Indications for: Tramadol Extended-Release
Management of pain severe enough to require daily, around-the-clock, long-term opioid treatment and for which alternative treatments are inadequate.
Limitations of Use:
Not for use as an as-needed (prn) analgesic. Use only if alternative treatment options (eg, non-opioid analgesics) are ineffective, not tolerated, or otherwise inadequate to provide sufficient management of pain.
Use lowest effective dose for shortest duration. Swallow whole. Individualize. ≥18yrs: initially 100mg once daily; may increase by 100mg every 5 days; max 300mg/day. Severe renal (CrCl <30mL/min) or hepatic (Child-Pugh Class C) impairment: not recommended. Concomitant use or discontinuation of CYP2D6 inhibitors, CYP3A4 inhibitors or inducers: monitor closely and consider dose adjustments (see full labeling). Withdraw gradually (esp. if opioid-dependent), taper by ≤10–25% every 2–4 weeks.
<18yrs: not recommended.
Tramadol Extended-Release Contraindications:
Children <12yrs. Post-op management in children <18yrs following tonsillectomy and/or adenoidectomy. Significant respiratory depression. Acute or severe bronchial asthma in an unmonitored setting or in the absence of resuscitative equipment. Known or suspected GI obstruction, including paralytic ileus. During or within 14 days of MAOIs.
Addiction, abuse, and misuse. Risk evaluation and mitigation strategy (REMS). Life-threatening respiratory depression. Accidental ingestion. Ultra-rapid metabolism of tramadol and other risk factors for life-threatening respiratory depression in children. Neonatal opioid withdrawal syndrome. Interactions with drugs affecting CYP450 isoenzymes. Risks from concomitant use with benzodiazepines or other CNS depressants.
Tramadol Extended-Release Warnings/Precautions:
Assess the potential need for access to naloxone when initiating and renewing therapy. Consider prescribing naloxone based on risk factors for overdose (eg, history of opioid use disorder, prior opioid overdose, household members or other close contacts at risk for accidental ingestion or overdose). Abuse potential (monitor). Life-threatening respiratory depression; monitor within first 24–72hrs of initiating therapy and following dose increases. Accidental exposure may cause fatal overdose (esp. in children). Sleep-related breathing disorders (including central sleep apnea (CSA), sleep-related hypoxemia); consider dose reduction if CSA develops. Risk of life-threatening respiratory depression and death related to ultra-rapid metabolizers of tramadol (esp. in children for post-tonsillectomy and/or adenoidectomy pain). Avoid in adolescents 12–18yrs with conditions associated with hypoventilation (eg, post-op status, obstructive sleep apnea, obesity, severe pulmonary disease, neuromuscular disease, concomitant drugs that cause respiratory depression). COPD, cor pulmonale, decreased respiratory reserve, hypoxia, hypercapnia, or pre-existing respiratory depression; monitor and consider non-opioid analgesics. Adrenal insufficiency. Head injury. Increased intracranial pressure, brain tumors; monitor. Seizure disorders. Avoid in depressed, suicidal, or addiction-prone patients; consider non-narcotic analgesics. Emotional disturbance. CNS depression. Impaired consciousness, coma, shock; avoid. Biliary tract disease. Acute pancreatitis. Drug abusers. Severe hepatic (Child-Pugh Class C) or renal impairment (CrCl<30mL/min): not recommended. Ultra-rapid metabolizers (due to CYP2D6 polymorphism): avoid. Reevaluate periodically. Avoid abrupt cessation. Elderly (esp. >75yrs). Cachectic. Debilitated. Pregnancy; potential neonatal opioid withdrawal syndrome during prolonged use. Labor & delivery, nursing mothers: not recommended.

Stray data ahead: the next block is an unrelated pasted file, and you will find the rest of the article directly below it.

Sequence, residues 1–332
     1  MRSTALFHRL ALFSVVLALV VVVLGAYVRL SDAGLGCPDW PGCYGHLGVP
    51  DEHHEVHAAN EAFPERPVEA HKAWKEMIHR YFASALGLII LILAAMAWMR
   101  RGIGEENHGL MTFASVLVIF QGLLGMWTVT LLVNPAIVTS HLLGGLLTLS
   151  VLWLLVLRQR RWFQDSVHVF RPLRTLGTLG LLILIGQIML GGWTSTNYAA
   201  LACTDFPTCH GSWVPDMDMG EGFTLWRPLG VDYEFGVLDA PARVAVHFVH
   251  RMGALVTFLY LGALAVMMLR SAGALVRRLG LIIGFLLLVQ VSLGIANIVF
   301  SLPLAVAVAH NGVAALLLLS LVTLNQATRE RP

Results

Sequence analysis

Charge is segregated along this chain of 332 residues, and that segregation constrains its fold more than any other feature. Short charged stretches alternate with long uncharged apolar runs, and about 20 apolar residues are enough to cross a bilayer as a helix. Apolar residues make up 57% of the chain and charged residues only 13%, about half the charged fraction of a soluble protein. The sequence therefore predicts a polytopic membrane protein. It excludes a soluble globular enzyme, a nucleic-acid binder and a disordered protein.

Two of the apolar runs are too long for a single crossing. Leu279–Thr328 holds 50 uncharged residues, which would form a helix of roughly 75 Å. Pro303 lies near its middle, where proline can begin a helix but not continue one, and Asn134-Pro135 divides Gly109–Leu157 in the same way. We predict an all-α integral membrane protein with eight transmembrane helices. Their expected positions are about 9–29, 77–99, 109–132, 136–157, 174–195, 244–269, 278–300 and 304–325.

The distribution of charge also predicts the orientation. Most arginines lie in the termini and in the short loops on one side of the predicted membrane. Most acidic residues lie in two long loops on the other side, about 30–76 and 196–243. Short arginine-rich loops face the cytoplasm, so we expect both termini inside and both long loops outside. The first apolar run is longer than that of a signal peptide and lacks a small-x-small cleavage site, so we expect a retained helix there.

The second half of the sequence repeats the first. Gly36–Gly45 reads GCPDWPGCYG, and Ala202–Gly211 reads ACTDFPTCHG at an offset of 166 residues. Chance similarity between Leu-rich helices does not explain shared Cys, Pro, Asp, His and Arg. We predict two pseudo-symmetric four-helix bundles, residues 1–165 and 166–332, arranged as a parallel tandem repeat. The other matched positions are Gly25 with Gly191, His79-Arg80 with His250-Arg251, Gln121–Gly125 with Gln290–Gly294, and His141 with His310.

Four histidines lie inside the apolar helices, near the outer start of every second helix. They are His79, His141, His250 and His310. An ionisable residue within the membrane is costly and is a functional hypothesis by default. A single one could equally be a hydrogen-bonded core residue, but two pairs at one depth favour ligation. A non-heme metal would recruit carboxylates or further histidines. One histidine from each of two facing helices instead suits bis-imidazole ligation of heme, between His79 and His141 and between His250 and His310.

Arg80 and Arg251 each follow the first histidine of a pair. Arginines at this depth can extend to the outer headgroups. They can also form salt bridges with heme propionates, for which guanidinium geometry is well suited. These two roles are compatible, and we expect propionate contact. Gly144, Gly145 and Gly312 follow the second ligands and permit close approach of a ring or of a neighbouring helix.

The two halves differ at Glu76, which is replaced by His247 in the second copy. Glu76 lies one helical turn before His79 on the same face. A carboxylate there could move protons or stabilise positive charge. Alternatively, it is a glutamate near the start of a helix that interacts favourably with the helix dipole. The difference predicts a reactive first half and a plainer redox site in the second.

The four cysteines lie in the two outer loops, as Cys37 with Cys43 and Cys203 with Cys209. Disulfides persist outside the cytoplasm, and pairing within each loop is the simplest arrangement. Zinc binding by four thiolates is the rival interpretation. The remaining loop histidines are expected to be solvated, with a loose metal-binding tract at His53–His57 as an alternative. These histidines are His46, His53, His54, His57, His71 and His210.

Tramadol Extended-Release Classification:
Tramadol Extended-Release Interactions:
Concomitant other forms of tramadol or carbamazepine: not recommended. Increased risk of hypotension, respiratory depression, sedation with benzodiazepines or other CNS depressants (eg, non-benzodiazepine sedatives/hypnotics, anxiolytics, general anesthetics, phenothiazines, tranquilizers, muscle relaxants, antipsychotics, alcohol, other opioids); reserve concomitant use in those for whom alternative options are inadequate; limit dosages/durations to minimum required; monitor closely; consider prescribing naloxone if concomitant use is warranted. Risk of serotonin syndrome with serotonergic drugs (eg, SSRIs, SNRIs, TCAs, triptans, 5-HT3 antagonists, mirtazapine, trazodone, tramadol, cyclobenzaprine, metaxalone, MAOIs, linezolid, IV methylene blue); monitor and discontinue if suspected. Increased risk of seizures with SSRIs, SNRIs, anorectics, TCAs, cyclobenzaprine, promethazine, other opioids, MAOIs, naloxone, neuroleptics, and others that lower seizure threshold. Avoid concomitant mixed agonist/antagonist opioids (eg, butorphanol, nalbuphine, pentazocine) or partial agonist (eg, buprenorphine); may reduce effects and/or precipitate withdrawal symptoms. May be affected by CYP2D6 inhibitors (eg, amiodarone, quinidine, fluoxetine, paroxetine, bupropion). Potentiated by CYP3A4 inhibitors (eg, macrolides, azole antifungals, protease inhibitors). Antagonized by CYP3A4 inducers (eg, rifampin, carbamazepine, phenytoin). May antagonize diuretics; monitor. Paralytic ileus may occur with anticholinergics. Monitor digoxin, warfarin.
Dizziness, nausea, constipation, headache, somnolence, flushing, pruritus, vomiting, insomnia, dry mouth; respiratory depression, severe hypotension, syncope; rare: serious skin reactions or other hypersensitivity; discontinue if occur.
Formerly known under the brand name Ultram ER.
ER tabs—contact supplier; Tabs—100